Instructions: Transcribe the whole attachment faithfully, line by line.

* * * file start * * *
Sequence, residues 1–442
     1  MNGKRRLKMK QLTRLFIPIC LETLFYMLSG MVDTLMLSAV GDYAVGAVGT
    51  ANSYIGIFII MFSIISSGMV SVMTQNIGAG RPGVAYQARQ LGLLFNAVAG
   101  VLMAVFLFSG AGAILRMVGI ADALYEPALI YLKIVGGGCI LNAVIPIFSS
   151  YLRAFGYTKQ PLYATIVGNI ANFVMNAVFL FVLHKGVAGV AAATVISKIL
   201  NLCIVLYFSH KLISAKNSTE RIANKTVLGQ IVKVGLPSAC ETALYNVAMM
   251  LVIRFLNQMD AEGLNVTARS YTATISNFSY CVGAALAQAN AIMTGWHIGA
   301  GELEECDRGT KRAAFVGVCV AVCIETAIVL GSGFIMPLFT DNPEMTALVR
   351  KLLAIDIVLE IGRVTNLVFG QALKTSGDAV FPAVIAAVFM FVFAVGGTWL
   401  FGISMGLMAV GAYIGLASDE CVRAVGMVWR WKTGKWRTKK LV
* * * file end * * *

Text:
Sequence, residues 1–442
     1  MNGKRRLKMK QLTRLFIPIC LETLFYMLSG MVDTLMLSAV GDYAVGAVGT
    51  ANSYIGIFII MFSIISSGMV SVMTQNIGAG RPGVAYQARQ LGLLFNAVAG
   101  VLMAVFLFSG AGAILRMVGI ADALYEPALI YLKIVGGGCI LNAVIPIFSS
   151  YLRAFGYTKQ PLYATIVGNI ANFVMNAVFL FVLHKGVAGV AAATVISKIL
   201  NLCIVLYFSH KLISAKNSTE RIANKTVLGQ IVKVGLPSAC ETALYNVAMM
   251  LVIRFLNQMD AEGLNVTARS YTATISNFSY CVGAALAQAN AIMTGWHIGA
   301  GELEECDRGT KRAAFVGVCV AVCIETAIVL GSGFIMPLFT DNPEMTALVR
   351  KLLAIDIVLE IGRVTNLVFG QALKTSGDAV FPAVIAAVFM FVFAVGGTWL
   401  FGISMGLMAV GAYIGLASDE CVRAVGMVWR WKTGKWRTKK LV